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J Urol. 1985 May;133(5):792-5.

Recurrent or persistent urinary incontinence in patients with the artificial urinary sphincter: diagnostic considerations and management.


Clinical experience in the selection of patients for implantation of the artificial urinary sphincter and the surgical techniques for sphincter implantation indicate a need to provide suitable guidelines for patient followup and the management of post-implantation urinary incontinence. Two types of post-implantation incontinence are recognized: 1) immediate post-activation incontinence and 2) delayed or recurrent incontinence. The potential causes, and the diagnostic and management techniques are dependent on not only an understanding of device function but also on the use of already available clinical tools. Physical examination, inflate-deflate roentgenograms of the device, cystoscopy and retrograde urethrography each has an important role in determining the cause and, therefore, the appropriate remedy for the restoration of urinary control. Causes that result in loss of urinary control after implantation include improper operation of the device by the patient, detrusor hyperreflexia, occlusive cuff erosion, improper cuff sizing and device malfunction. Proper recognition of the precise cause of post-implantation incontinence and workable guidelines for management will provide for effective assurance that urinary control can be restored successfully.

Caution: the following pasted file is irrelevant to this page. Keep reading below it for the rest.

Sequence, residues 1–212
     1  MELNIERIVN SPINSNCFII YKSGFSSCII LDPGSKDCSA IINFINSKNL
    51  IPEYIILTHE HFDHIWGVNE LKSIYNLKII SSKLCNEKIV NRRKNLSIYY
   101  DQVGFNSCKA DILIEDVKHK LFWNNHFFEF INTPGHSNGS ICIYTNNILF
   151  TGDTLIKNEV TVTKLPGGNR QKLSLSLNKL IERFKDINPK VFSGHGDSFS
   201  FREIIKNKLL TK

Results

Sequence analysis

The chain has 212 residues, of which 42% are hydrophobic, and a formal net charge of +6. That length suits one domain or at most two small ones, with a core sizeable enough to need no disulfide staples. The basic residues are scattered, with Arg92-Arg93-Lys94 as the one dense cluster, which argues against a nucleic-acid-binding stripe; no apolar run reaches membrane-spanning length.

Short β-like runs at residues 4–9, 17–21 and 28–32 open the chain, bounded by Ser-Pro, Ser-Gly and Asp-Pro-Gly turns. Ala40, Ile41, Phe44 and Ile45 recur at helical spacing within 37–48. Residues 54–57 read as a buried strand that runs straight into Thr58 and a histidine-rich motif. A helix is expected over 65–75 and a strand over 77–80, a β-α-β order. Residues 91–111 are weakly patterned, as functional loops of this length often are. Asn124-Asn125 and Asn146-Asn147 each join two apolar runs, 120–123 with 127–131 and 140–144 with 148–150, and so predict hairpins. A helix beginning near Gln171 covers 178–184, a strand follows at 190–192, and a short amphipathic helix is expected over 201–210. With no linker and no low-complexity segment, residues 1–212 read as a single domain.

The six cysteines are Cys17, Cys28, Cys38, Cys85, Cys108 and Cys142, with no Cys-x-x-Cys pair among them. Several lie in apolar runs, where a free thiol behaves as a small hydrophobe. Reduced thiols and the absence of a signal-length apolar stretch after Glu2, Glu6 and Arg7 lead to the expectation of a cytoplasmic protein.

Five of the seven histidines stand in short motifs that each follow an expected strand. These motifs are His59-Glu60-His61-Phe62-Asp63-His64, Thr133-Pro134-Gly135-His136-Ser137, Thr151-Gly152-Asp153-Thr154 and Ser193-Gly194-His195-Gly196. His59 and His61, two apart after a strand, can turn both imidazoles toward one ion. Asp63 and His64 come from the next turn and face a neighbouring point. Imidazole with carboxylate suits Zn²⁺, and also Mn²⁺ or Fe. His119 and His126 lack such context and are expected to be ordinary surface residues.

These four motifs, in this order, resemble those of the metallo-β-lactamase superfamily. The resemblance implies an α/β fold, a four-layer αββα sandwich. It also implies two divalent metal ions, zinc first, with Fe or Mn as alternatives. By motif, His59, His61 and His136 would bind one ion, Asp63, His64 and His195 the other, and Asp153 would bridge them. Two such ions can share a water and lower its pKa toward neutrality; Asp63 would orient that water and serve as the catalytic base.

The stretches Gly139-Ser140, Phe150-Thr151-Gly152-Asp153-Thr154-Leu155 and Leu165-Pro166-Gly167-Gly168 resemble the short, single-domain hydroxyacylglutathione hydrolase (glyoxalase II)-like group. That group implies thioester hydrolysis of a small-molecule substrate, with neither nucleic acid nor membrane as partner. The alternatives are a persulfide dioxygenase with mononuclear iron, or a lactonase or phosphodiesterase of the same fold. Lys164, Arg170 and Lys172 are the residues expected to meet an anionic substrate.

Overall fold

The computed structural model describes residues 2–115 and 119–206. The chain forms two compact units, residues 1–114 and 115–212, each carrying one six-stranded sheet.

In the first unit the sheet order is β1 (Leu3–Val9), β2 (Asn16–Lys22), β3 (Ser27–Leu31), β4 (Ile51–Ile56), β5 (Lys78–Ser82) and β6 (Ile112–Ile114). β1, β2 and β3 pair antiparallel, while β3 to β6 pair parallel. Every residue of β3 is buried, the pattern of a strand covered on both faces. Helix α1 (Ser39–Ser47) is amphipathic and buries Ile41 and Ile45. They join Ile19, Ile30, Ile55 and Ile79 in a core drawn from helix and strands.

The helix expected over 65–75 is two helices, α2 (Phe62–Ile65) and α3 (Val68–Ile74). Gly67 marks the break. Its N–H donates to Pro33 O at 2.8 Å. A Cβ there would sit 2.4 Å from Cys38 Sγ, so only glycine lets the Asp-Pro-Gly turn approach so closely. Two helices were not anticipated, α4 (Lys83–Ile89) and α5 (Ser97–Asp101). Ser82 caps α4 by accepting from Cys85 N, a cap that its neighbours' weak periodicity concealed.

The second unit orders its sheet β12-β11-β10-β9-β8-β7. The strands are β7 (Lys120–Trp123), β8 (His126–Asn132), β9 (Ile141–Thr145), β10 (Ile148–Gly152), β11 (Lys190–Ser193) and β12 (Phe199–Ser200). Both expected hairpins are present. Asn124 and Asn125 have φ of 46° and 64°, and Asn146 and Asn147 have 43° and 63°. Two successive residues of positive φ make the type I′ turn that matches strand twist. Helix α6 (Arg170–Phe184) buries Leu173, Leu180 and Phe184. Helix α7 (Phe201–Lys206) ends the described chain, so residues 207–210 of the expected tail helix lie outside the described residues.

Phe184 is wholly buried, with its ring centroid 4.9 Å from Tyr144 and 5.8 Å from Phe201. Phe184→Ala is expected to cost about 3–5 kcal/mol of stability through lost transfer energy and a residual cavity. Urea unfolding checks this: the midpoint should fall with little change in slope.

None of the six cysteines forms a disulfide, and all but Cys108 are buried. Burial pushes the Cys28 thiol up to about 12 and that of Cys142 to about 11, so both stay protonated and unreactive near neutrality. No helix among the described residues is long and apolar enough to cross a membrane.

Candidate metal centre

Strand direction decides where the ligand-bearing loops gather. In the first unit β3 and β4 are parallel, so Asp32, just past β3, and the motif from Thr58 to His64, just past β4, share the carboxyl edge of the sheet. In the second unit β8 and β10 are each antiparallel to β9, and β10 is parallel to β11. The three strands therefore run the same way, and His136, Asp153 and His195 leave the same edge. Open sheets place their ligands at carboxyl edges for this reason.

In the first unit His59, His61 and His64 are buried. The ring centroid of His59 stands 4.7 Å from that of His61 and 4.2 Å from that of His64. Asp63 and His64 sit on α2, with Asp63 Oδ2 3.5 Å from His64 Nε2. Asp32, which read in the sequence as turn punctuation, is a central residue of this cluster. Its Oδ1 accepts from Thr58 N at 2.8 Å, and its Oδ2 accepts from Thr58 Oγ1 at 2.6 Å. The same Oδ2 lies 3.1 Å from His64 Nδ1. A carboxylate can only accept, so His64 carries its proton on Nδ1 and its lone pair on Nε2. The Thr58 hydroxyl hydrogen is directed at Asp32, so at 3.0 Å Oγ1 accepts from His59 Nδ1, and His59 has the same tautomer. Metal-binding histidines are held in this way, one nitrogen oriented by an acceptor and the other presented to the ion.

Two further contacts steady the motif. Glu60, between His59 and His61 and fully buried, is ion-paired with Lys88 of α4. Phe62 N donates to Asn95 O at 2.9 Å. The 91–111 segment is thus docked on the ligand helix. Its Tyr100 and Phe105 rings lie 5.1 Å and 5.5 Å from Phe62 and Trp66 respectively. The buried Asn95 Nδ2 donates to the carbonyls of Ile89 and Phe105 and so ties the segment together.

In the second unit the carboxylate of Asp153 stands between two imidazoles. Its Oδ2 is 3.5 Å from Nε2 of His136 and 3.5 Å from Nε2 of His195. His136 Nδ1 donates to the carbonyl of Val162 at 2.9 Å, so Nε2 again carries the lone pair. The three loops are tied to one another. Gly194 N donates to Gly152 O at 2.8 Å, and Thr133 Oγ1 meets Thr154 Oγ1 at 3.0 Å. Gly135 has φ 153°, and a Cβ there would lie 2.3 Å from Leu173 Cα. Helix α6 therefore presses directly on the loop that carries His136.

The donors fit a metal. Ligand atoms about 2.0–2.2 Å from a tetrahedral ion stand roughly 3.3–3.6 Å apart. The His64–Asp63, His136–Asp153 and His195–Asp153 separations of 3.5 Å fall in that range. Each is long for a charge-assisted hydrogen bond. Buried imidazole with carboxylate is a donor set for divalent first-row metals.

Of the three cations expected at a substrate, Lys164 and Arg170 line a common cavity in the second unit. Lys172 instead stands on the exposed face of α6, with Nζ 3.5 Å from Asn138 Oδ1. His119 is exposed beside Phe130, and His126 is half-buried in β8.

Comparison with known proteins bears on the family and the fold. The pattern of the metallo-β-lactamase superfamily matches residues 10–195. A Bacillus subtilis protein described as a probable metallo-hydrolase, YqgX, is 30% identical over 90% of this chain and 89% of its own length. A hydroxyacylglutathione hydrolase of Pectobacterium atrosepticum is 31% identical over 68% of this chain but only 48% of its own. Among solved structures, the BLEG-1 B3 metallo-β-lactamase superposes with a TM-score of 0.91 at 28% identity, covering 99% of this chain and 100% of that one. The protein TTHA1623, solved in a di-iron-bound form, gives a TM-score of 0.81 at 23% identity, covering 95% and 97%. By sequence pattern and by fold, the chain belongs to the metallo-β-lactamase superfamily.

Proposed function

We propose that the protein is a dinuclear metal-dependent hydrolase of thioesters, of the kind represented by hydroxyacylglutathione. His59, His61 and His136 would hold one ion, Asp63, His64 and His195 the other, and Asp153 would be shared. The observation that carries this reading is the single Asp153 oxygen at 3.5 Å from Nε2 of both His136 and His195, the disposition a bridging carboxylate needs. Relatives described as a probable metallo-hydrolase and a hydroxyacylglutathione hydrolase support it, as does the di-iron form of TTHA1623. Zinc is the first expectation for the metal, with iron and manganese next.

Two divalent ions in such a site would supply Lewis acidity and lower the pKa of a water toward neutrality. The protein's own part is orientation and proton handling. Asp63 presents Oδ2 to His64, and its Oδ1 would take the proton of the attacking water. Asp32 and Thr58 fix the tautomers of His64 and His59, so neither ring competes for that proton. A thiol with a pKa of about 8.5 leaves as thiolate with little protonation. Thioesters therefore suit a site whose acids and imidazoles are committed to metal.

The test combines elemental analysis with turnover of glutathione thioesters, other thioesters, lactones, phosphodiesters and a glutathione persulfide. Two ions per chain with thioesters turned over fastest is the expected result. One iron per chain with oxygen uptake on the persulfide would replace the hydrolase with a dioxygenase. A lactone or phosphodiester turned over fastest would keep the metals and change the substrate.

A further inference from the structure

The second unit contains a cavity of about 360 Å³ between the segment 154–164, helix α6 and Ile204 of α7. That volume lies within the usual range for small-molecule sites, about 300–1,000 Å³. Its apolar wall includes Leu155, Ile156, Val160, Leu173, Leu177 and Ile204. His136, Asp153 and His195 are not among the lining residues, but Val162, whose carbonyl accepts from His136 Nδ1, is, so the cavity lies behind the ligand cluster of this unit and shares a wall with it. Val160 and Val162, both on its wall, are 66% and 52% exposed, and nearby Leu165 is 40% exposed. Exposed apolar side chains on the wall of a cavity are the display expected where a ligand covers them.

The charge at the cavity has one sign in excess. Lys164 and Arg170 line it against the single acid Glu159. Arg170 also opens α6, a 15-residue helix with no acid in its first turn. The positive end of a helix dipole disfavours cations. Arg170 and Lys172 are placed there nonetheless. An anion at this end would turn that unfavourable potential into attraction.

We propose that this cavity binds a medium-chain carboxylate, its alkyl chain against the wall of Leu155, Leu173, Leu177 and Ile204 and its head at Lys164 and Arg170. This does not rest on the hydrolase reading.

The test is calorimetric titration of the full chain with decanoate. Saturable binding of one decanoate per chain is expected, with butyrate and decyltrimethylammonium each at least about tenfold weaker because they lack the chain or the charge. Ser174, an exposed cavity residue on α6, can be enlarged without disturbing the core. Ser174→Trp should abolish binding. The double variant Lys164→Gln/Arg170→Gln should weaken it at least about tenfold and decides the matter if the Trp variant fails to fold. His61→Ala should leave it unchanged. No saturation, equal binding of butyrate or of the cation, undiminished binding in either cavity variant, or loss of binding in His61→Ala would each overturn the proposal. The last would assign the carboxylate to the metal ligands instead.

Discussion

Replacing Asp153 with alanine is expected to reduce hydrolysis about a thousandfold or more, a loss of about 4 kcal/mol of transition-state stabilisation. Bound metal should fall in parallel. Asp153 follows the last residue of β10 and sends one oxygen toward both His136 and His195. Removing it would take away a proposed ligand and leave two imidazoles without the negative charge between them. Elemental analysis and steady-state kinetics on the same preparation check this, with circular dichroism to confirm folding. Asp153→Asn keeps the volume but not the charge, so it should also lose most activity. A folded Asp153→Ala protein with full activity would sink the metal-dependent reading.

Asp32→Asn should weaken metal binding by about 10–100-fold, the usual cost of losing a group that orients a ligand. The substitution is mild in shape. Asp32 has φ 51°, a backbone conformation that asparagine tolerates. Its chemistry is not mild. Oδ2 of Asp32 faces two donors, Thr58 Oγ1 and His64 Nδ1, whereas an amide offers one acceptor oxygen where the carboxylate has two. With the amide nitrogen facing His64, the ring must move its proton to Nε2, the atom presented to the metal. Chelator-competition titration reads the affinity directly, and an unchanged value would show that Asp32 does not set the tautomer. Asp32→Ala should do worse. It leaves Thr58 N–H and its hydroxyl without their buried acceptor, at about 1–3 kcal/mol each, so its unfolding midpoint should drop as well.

[PubMed - indexed for MEDLINE]
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